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Home Alt Forums Recording Your Saxophone New Metronome

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      I bought a new metronome and I see that metronomes have come a long way from the exacto The exacto goes up in increments of 2 beats.”How Great Thou Art” is 61 beats PM. So now I have the Peterson Bodybeat Sync metronome. You would need a PH.D in electronics to operate it. Not only does it make audible sounds there is also a clip to clip on my shirt so I can feel the beat
      You can find this metronome on Sweetwater


      sx poet

        Thanks for the information William, i’ve just ordered one.

        i’ve got a portable metronome, but i can’t hear it beeping when i play my sax, i’ve even plugged in an earpiece to hear it in my right ear when i’m playing but i found it distracting when playing the sax.

        In the end i use a metronome ap on my ipad and play the sound through an amplifier, that’s the only way i can hear it above the sax sound.

        This device where you can physically feel the beat should get round that, without hearing any clicking noise.


          Ya Sxpoet
          The best metronome for me is tapping my foot. When I play Johnny’s Rudolph I add other notes and side riffs. I start with Dexter Gordon’s “Daddy Plays The Horn” dadada dat da dah. I add other frases that might come up as I play along. So my best metronome is stomping my right leg to the beat in my mind. Sometimes I write the count above the notes e.g. Down beat is always 1st beat in the measure. I’ll try the metronome wile playing “How great thou art” 61 BPM. Keep that foot stomping and leg rocking

          sx poet

            William – the metronome is brilliant! if you are practicing a music sheet where the bpm changes in different bars or the beats per bar changes at different places on the sheet, you can go online and set up all the bars in the sheet with all the bar changes and download it as a midi file into the metronome.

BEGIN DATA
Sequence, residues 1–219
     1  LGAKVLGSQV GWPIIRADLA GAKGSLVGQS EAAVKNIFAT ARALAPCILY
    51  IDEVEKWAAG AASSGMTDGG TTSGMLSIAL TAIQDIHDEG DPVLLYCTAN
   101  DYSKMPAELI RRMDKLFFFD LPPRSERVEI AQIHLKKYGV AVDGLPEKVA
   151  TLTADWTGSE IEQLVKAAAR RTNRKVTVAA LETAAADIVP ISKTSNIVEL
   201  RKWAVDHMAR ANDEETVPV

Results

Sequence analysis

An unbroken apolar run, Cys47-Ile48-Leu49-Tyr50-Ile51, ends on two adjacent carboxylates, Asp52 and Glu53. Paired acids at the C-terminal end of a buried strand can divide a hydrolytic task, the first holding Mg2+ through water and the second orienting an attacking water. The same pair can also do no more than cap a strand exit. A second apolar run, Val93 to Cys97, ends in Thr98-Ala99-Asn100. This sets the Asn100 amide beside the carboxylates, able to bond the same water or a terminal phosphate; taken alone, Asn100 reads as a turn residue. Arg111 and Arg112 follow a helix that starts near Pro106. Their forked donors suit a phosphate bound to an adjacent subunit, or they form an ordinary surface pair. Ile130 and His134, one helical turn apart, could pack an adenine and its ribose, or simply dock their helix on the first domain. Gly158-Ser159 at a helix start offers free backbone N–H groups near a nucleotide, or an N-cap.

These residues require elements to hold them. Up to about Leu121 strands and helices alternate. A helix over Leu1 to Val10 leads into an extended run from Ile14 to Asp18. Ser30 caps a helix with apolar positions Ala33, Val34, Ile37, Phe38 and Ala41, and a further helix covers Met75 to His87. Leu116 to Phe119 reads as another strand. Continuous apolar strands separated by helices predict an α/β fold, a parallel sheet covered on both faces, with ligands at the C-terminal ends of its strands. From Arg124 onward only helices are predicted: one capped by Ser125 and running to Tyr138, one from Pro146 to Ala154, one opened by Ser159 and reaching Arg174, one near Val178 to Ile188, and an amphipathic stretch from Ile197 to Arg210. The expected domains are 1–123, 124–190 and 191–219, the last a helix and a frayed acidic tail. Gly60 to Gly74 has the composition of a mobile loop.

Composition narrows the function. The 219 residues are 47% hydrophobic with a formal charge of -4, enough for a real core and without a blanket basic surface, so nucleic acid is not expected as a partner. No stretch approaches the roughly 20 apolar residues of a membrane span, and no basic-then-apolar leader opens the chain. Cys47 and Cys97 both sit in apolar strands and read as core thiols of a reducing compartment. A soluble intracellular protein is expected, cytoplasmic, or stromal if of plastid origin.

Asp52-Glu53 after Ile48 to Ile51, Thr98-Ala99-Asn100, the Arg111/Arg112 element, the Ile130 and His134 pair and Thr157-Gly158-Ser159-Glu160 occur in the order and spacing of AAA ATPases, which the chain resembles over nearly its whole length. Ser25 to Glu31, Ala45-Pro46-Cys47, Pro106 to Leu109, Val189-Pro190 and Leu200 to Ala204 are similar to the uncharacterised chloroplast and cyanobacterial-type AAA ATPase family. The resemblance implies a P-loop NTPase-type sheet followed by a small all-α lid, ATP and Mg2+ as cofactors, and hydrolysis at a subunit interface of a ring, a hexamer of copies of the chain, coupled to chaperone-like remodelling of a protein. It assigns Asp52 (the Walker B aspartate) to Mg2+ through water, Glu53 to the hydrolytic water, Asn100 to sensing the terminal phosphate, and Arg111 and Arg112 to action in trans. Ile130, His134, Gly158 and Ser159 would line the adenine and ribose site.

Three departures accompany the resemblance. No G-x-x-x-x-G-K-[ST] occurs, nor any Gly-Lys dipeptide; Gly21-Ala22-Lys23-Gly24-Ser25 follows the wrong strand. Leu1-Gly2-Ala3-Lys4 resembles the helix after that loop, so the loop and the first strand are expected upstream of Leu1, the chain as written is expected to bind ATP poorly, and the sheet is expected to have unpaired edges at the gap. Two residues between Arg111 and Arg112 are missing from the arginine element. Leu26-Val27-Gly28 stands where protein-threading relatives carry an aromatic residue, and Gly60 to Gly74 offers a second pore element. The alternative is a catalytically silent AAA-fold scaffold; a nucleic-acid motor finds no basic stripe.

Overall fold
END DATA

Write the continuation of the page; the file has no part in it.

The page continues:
then you can get the metronome to play all the different beat pattern changes for the whole tune. Unlike my metronome i can only play the same beat pattern for the whole tune which is useless if the beat patterns on the sheet change in different bars ex bar 1-4 (3/4 timing at 64 bpm) bar 5-8 (4/4 timing at 120 bpm)


            sx poet

              I got my metronome yesterday and I’m impressed with the attachment that physically vibrates the beat against your belt – i really can feel the beat.

              my teacher discouraged me from tapping my feet in time for several reasons – it could make a distracting noise for others playing in an orchestra, it might be picked by your microphone when recording in a room, it’s not practical to tap your feet along to very fast tempos, it can be distracting while playing as it is one unnecessary extra thing to focus on while playing. His method is to internalise the beat and rely on the drummer or various instruments played in the track.

              either way i can’t win.


                Helloo everybody ..

                It seems to me that your ‘pro’ gave you bad advice in this instant, sx poet
                Who needs a stiff upper lip or a rigid body?
                Loosen up ya
                Let it go, says Elsa (from movie, Frozen)
                Candidly you may need to unlearn this fixed mindset ol’ mate
                Look at some of John’s lessons eg a good one is Pink Panther tute for timing
                You’ll oft see him clapping his hands and foot tappin’ in other lessons too

                One needs to tap their foot and get their whole body immersed in natural time
                Sings Elvis, There’s a whole lotta shakin’ goin’ on
                Sings Robet Parker, Barefootin’


                  sounds like good advice.
                  I always tap my feet and do get the noise from the floor picked up because I do it aggressively…it doesn’t ruin the recording but it does get picked up.
                  It’s a good thing to do to help the individual play in time…of course if you can play in time by listening to the band then even better.
                  It is a hard habit to break. I don’t think to myself “I better not tap my feet”: I just do it naturally. I also move my legs and head etc…it’s just a natural thing to do.